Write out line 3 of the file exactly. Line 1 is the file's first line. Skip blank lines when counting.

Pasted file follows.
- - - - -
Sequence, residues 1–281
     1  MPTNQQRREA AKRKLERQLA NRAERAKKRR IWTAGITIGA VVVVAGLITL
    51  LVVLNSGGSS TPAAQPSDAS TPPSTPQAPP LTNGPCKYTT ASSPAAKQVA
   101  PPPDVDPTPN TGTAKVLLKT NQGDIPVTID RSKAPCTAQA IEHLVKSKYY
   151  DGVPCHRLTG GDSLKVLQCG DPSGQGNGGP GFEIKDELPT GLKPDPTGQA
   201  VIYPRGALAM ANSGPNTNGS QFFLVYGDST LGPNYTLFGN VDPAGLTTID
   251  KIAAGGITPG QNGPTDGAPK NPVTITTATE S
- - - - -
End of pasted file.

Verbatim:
    51  LVVLNSGGSS TPAAQPSDAS TPPSTPQAPP LTNGPCKYTT ASSPAAKQVA